SYDNEY, Nov. 13 (Reuters / EP) –
Australian authorities have evacuated numerous communities this Wednesday morning, including one of Australia's main tourist destinations, while firefighters try to fight the fires that have swept the east coast of the country.
While a cold change during the night has given some relief to firefighters in the state of New South Wales, attention has focused on Queensland (in the north), where weather conditions have become dangerous, with a climate dry and warm, in addition to strong winds.
Authorities have issued the “immediate evacuation” alert, the highest level, in numerous areas, including Noosa, a popular tourist destination on the coast 130 kilometers north of Brisbane, in the Sunshine Coast district of southeastern Queensland.
“The conditions are now very dangerous, but firefighters will soon be available to combat the progress of the fire,” the Queensland Emergency and Fire Service said in a statement. “The flames could represent a threat to all the lives that cross their path,” says the institution's alert, which has deployed planes to try to contain the fire.
The early start of the fire season has surprised Australians by the ferocity and rapidity of the spread of the flames. So far, authorities have pointed out that at least three people have died and about 100, including 20 firefighters, have been injured. In addition, more than 1.1 million hectares of land have been burned and more than 50 homes have been destroyed.
While dry weather conditions threaten to increase next week, the commissioner of the New South Wales Rural Fire Service, Shane Fitzsimmons, has said that by that time they will not have all the fires contained.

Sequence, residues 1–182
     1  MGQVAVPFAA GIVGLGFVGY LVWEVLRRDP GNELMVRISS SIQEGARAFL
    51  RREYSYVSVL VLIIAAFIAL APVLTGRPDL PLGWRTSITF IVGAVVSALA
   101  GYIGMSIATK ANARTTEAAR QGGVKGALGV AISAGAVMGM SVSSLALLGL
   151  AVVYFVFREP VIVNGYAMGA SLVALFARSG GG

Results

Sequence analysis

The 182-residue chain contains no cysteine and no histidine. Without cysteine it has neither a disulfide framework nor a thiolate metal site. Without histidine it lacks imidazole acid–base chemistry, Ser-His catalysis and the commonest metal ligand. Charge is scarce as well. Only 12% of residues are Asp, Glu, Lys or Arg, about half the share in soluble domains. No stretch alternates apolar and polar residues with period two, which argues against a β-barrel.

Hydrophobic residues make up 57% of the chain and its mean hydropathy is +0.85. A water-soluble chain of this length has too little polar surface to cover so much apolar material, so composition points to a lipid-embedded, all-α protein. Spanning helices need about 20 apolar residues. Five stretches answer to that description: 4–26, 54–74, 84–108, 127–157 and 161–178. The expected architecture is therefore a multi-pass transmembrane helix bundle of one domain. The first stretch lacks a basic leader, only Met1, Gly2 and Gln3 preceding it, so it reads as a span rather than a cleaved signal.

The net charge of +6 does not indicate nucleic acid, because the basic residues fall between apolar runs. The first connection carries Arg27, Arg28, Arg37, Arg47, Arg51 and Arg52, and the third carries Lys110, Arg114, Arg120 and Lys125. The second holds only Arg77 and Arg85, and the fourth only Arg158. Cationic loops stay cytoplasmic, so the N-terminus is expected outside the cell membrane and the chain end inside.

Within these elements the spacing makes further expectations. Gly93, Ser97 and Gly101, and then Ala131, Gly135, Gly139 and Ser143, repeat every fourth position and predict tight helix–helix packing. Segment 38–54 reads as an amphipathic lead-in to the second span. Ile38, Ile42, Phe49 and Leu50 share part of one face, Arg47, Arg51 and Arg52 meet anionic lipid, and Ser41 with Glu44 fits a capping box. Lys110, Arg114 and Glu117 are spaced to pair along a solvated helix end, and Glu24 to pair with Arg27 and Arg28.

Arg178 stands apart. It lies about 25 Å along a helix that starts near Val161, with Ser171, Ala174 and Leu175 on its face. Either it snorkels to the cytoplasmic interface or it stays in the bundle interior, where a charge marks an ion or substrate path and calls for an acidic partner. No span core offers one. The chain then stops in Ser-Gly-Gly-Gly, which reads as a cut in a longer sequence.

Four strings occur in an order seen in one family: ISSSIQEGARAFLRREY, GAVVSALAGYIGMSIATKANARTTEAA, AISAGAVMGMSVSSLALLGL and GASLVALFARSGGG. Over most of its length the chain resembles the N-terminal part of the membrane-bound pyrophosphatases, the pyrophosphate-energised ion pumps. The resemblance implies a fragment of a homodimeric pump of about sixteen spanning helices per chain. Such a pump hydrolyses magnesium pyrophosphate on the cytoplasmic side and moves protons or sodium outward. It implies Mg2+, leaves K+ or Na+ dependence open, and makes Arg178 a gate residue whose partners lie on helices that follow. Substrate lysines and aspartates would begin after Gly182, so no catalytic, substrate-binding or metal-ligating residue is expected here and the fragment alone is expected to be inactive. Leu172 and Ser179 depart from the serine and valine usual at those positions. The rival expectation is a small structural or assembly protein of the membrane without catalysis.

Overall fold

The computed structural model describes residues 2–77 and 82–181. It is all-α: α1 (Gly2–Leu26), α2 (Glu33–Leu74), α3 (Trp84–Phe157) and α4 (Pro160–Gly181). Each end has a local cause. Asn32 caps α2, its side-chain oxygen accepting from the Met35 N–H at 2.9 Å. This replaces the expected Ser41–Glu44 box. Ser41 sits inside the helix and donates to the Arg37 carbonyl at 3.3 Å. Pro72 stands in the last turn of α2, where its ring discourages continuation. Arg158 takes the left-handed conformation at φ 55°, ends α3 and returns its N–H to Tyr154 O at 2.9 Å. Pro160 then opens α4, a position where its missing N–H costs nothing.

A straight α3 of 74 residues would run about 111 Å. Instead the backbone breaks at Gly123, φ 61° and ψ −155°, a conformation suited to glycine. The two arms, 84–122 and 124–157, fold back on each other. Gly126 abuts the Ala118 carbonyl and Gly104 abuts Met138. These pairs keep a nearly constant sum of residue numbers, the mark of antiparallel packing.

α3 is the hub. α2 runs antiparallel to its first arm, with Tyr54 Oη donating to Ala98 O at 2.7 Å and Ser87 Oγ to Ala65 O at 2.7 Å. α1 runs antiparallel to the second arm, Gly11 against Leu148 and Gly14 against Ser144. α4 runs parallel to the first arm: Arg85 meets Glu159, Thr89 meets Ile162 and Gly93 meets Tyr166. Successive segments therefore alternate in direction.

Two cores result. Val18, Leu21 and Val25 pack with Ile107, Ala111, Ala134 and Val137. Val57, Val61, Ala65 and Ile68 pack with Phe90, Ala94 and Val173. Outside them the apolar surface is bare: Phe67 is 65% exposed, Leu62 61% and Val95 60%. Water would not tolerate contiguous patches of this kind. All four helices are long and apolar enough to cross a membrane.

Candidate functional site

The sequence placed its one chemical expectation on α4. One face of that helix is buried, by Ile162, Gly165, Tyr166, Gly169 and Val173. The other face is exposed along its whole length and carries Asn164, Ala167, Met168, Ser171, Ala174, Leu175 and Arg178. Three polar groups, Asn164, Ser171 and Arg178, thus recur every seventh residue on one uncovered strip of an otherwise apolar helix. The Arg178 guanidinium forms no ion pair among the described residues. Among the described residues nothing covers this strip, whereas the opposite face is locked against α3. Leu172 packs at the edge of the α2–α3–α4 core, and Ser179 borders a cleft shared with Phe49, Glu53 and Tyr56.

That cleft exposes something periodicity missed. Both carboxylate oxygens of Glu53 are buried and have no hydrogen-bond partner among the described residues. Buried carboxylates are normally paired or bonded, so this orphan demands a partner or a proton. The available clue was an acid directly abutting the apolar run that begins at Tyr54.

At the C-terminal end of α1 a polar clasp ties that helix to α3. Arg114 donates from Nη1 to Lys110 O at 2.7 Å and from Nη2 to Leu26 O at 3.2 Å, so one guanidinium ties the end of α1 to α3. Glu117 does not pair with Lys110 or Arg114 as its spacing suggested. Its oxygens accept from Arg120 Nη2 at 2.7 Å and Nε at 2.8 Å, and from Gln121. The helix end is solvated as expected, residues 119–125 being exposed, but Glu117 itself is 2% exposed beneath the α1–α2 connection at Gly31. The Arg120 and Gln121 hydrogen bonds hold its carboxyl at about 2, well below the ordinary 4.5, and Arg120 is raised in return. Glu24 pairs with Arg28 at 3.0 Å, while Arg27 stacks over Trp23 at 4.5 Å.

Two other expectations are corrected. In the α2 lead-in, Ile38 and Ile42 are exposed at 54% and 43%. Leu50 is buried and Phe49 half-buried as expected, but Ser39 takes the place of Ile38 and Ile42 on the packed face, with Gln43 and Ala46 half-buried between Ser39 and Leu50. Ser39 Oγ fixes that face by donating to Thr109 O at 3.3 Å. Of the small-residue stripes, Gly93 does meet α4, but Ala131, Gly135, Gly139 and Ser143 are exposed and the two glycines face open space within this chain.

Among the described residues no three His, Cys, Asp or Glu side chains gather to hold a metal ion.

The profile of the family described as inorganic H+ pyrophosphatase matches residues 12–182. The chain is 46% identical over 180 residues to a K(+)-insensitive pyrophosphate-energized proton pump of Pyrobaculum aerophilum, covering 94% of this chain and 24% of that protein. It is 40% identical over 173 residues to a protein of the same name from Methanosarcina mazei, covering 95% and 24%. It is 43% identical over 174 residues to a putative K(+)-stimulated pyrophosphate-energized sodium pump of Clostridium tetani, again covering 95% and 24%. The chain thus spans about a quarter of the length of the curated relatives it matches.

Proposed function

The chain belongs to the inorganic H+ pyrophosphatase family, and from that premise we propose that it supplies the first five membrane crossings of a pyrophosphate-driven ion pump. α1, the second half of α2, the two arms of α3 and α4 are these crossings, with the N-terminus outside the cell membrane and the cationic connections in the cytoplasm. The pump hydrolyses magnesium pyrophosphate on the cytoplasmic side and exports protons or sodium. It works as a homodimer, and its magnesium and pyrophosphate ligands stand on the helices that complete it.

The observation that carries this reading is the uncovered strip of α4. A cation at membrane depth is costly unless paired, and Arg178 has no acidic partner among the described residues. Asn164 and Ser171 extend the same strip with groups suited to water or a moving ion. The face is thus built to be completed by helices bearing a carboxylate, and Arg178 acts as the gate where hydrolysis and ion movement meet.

“Unfortunately, what we need is to rain. And there is certainly nothing in the forecast for the foreseeable future that can make a real difference against the conditions we are experiencing,” Fitzsimmons said.
When asked about climate change, he has claimed to be “aware of what science suggests.” “What we are experiencing is that the fire seasons are starting earlier and are spreading longer,” said Fitzsimmons, who added that “there is no doubt that this drought is having a profound effect.”
The fires have generated an increasingly bitter debate about Australia's climate change policies, between the ruling Liberal Party and the opponents of the Australian Greens.
Former Prime Minister and current lawyer Barnaby Joyce was one of those who suggested that climate activists were at least partly responsible for the fires by pressing to reduce the so-called 'firefighters', which are carried out in a controlled manner in the opposite direction to the base Natural of the fire being fought.
For his part, the Prime Minister, Scott Morrison, has refused to comment on climate change during the current crisis, and has called for “moderation” this week.